• ½ liter of milk
  • 5 grams of cardamom (elaichi) dust
  • 100 g Sugar-free Natura
  • 1 tablespoon of ghee
  • 2-3 chopped almonds

Method

  1. Cook rice in milk until soft.
  2. Add the cardamom powder and Sugar-Free Natura and stir until the sugar dissolves.
  3. Heat the ghee in a pan, add the almonds and roast until lightly golden. Pour over the rice mixture and serve hot.

Nutritional value per serving: Energy 50.7 kcal; Protein 0.4 g; Fat 2g

watercress seeds (halim) upperi

Upperi, or brown sugar coated banana chips, is a popular snack prepared during Onam. Substituting watercress for raw bananas is a more nutritious option, as the seeds are an excellent source of folic acid, vitamin C, fiber, iron, calcium, protein, vitamin A, folate, and vitamin E.

Ingredients

  • 50 g watercress seeds, toasted and coarsely crushed
  • 100 grams of saffron (God)
  • 50 grams of toasted dry coconut
  • 2 tablespoons of ghee
  • 2 tablespoons of dry ginger powder (coming soon)
  • 2 tbsp Shatavari and Ashwagandha Powder
  • 2 tablespoons of cardamom (elaichi) and nutmeg (jaiphal) dust
  • 2 tablespoons of poppy seeds (khuskhus) dust
  • 2 teaspoons edible gum (dinka or gaund)
  • 2 tablespoons almonds, pistachio, cashews, crushed

Method

  1. Heat the ghee in a pan, add the edible gum and fry until crisp.
  2. Add the brown sugar and let it melt over low heat. When it comes to a boil, add all remaining ingredients, except dried fruit, to the mixture.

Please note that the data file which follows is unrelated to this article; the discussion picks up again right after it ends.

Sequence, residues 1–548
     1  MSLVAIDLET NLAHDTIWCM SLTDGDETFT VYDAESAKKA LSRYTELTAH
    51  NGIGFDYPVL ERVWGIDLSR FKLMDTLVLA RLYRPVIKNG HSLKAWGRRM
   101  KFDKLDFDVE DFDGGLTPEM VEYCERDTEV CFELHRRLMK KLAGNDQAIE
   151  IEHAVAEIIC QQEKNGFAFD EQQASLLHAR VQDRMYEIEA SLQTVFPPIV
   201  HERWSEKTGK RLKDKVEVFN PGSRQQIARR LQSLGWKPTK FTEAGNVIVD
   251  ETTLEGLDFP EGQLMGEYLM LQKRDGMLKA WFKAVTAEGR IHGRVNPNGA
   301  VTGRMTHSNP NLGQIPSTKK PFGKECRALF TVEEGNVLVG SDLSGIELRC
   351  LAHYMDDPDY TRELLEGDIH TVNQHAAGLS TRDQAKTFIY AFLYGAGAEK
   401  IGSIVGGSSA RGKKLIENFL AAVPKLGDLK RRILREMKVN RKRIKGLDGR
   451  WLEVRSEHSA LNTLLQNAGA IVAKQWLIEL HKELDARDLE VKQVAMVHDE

3. Roll out this mixture (similar to rolled chapattis), sprinkle over the crushed dried fruit and roll again to ensure the dried fruit sticks tightly to it. Cut it into square/rectangle pieces similar to chikki and let it cool.

Nutritional value per serving Energy 246 kcal; Protein 4g; Fat 15.6 g

Payasam millet

Foxtail corn (kangni or thiai) are a gluten-free, high-protein, low-fat, low-sugar alternative to white rice. This dish can also be prepared with almond milk.

Foxtail millet
Image source: blogspot.com

Ingredients

  • ½ cup Foxtail millet
  • 1 cup brown sugar (God)
  • 2 cups milk, boiled and cooled
  • 10-12 cashews
  • 15-20 raisins
  • ¼ teaspoon cardamom (elaichi) dust
  • 1 spoon of ghee

Method

  1. Heat the ghee and roast the cashews and raisins separately. Set aside and, in the same skillet, bake the millet until slightly hot to the touch. If necessary, add another ½ teaspoon of ghee.
  2. Pressure cook the millets with 1 ½ cups of water for three whistles or cook in a pot with a lid (see how to cook corn).
  3. Dissolve brown sugar in ¼ cup of water and strain. Boil the mixture until it thickens a bit and add the cooked millets. Cook over medium heat until blended.
  4. Add the cashews, raisins and cardamom powder and stir.
  5. Add the milk and let it boil on low heat for a few seconds before turning off the gas. Don’t boil it too long after adding the milk.

Observation: When you make payasam with brown sugar and milk, the brown sugar syrup or milk must be at room temperature when mixed. If both are hot, the milk may curdle.

Nutritional value per serving: Energy 124 kcal

Looking for healthy recipe options? Our nutritionists can help you plan your diet.